One of the positives (or is it a negative?) of working with language so much of the time is the sheer volume of unusual things you encounter. Not simply an odd word or usage here and there, but also the debates people have over those same things—as well as the feelings they express about them.
A term that I’ve encountered a handful of times in that last way is “mentee” as the companion term to “mentor.” It’s used to identify the one who is mentored.
A fair number of people don’t like this term (and some really don’t like it). In full disclosure, I’ve never been a fan. On the other hand, I don’t encounter it a lot and I don’t feel very strongly about it. I believe there are equally good or better words in most cases, and I’ve long been nagged by a feeling that there’s something ‘wrong’ about the word, but I never had a reason to look into it or to care very much.
Mentee popped up on my radar a couple weeks back when I ran across it in an online news story (something from CNN, I believe, but I didn’t record the source). Reading it, my thought was “oh…has ‘mentee‘ been mainstreamed enough that it’s acceptable in online news?” Asking the question already gives the answer.
Encountering the word in an online news source is one thing, but what about more conservative outlets? Has it been embraced by “the paper of record” or others that are typically slower to accept language change? It was time to find out. First, a few words on mentee.
Mentee is a moderately maligned word used to identify a pupil or student. Other synonyms, near and far, include advisee, acolyte, apprentice, and protégé, to name a few. In most usage, a mentee is paired, explicitly or implicitly, with a mentor. The word “mentor” itself is relatively modern, only taking on this use in the early 1700s after the popularity of a 1699 French novel which highlighted Mentor, a character from the Odyssey. Mentor, as a teacher, was adopted into French, English, and German within a few decades, and into Italian and Spanish within a few more. The companion to mentor, mentee, was not documented in a print use for another 200 years.
Major dictionaries and similar sources agree on these basic facts. GMAU notes that “The main oddity about the [mentor/mentee] pair is that unlike most pairs ending in -or and -ee, these are not from a verb stem….There is no verb *to ment.” GMAU goes on to suggest that the pair can be included among vogue words; “vogue words” is one of the more judgmental and dismissive entries in GMAU and is not worthy of the work’s usual high editorial standards.
For those of you preparing to march into battle to beat back mentee, consider what you’re up against: it was a trivial matter for me to find occasional uses of it in the New York Times back to 2010, with rare uses to at least 1995. That turned out to be an ironic secondary citation: it was a letter complaining about an appearance of the word in the Times a week earlier. The correspondent did not approve of William Safire’s use of mentee—but was unaware of the trap he’d stumbled into.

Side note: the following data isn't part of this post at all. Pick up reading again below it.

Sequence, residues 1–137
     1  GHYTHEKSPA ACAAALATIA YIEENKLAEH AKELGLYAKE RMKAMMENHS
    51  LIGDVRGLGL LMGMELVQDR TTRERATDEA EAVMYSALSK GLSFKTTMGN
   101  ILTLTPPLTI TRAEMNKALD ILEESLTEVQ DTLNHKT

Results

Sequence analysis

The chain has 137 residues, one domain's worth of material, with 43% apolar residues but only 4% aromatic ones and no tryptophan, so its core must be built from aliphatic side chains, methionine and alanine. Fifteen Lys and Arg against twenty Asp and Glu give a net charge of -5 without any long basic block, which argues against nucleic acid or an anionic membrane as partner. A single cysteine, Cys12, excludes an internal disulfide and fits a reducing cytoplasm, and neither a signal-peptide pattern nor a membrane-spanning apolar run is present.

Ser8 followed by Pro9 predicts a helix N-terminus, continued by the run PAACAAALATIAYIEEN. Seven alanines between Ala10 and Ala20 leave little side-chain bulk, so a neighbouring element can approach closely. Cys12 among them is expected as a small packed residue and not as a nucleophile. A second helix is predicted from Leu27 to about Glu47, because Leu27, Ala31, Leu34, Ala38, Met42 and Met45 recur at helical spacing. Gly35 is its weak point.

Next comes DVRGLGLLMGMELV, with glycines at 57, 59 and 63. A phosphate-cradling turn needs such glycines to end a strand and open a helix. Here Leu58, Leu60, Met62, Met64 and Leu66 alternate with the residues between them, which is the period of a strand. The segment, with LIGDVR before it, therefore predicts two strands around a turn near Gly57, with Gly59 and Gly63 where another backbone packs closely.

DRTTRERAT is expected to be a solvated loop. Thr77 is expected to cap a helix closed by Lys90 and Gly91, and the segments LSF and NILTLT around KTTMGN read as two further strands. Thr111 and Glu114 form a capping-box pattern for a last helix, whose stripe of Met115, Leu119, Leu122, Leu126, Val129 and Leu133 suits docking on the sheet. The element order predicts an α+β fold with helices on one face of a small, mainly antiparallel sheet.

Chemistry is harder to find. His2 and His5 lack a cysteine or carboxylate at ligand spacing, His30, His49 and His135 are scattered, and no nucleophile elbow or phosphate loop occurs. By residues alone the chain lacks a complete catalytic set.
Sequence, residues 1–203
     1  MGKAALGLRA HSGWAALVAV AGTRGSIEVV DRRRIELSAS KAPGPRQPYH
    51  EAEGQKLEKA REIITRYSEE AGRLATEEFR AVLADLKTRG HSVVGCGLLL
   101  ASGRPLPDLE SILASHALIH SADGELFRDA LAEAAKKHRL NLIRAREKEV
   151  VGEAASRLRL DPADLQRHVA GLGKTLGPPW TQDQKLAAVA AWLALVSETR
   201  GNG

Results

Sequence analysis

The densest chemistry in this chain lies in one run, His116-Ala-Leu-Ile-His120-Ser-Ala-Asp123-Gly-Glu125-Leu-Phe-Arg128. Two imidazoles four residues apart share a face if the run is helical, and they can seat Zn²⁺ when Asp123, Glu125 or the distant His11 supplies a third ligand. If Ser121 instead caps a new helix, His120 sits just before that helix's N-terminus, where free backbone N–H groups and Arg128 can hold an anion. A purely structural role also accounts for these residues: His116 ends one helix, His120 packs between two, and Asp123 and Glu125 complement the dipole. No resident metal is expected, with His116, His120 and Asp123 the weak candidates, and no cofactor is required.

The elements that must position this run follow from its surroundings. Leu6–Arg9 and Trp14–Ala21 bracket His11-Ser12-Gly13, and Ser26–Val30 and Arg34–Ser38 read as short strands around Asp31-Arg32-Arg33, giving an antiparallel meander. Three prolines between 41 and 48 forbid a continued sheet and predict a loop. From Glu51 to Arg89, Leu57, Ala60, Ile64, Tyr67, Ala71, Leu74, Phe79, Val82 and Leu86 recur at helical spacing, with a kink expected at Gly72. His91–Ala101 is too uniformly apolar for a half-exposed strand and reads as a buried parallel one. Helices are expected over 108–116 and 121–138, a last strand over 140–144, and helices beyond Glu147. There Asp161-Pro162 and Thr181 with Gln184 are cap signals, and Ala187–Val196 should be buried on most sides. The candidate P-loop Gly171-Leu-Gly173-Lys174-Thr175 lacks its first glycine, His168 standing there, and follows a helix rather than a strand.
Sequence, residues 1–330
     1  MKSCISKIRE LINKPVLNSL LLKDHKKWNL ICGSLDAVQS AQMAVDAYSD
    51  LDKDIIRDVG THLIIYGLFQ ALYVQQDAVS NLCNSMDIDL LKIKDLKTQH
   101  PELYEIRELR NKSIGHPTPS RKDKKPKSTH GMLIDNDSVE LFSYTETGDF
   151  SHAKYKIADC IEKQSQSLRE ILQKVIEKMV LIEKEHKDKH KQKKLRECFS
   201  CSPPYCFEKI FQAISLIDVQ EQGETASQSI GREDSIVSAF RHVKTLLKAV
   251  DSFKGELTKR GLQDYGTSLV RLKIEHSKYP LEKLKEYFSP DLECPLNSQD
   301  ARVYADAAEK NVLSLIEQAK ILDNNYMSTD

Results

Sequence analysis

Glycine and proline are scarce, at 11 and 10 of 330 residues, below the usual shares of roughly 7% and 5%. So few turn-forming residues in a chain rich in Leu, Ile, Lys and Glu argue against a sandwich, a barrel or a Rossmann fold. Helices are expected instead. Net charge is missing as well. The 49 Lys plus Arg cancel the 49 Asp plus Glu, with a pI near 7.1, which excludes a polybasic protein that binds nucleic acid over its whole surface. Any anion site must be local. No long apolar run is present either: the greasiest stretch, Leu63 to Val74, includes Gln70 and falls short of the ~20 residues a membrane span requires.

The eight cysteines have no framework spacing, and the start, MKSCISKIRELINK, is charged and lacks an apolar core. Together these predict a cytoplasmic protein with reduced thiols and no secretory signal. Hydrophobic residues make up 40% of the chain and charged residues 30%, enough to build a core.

A little more digging found that Safire had been taken to task for using this word before (in 1991). Even at that earlier date, he admitted that he’d used mentee with the hope of receiving complaints (he did), so any later uses, such as the one that received the 1995 complaint, were surely made with provocation in mind. Safire traced the first print use of the word to 1978. The last two paragraphs of that 1991 column show Safire’s reasoning on why the word should be accepted. Safire had used the word in print at least as far back as 1980 with no direct comment on its form: he spent most of that particular column on the verbification of nouns.
An interesting aspect of one of the complaint letters is that it makes the same point as GMAU: mentee is an aberrant -ee form because it doesn’t follow the pattern of being formed from a root verb. (Garner only points out the lack of a verb root; the Times correspondent scolds over it. It’s a good example of what the old descriptivist/prescriptivist debate looks like.) Garner’s thoughts on this are clear and useful, and reading it alerted me to exactly why I’ve always felt there was something off about mentee.
The classical greek origin (“Mentor” as a name) aside, my personal lack of enthusiasm for mentee has had more to do with what I perceive as a certain inherent incompleteness or roughness in the word. It seems that mentee would work better as “mentoree.” That might also satisfy at least some of those who are obstinate on the “Mentor as a name, not a verb” point: it would still not be derived from a verb, but the origin would be more clear.
I’m not alone in this line of thinking. A quick search uncovers a substantial number of uses of mentoree and possibly a few champions. It is clearly the less popular form, though. When it comes to sussing out origins and first use, the best I could uncover for mentoree was a use from the long-ago realm of 1972. The term seemed to have a brief period of popularity in the 1980s and early 1990s, and it’s been continuously in use somewhere, but it’s never gained traction. It turns up at a steady but very infrequent level of use—about 1% of the frequency of mentee, which is not exactly common itself. I couldn’t find mentoree in any mainstream dictionary.
Most dictionaries claim a first use for mentee from 1965. A few sketchier online sources cite a source from 1958, but that doesn’t seem reliable. The use of both words (mentee, mentoree) was vanishingly small before the 1980s. Use of mentee has spiked by a factor of 16 since 1990 (it’s still uncommon).
If you’re not already used to mentee, it’s probably more than time that you got accustomed to it. It doesn’t seem like a word that’s going away.
For some provocative thoughts on the politics and ideology of Mentors, mentors, and mentees, take a look at this.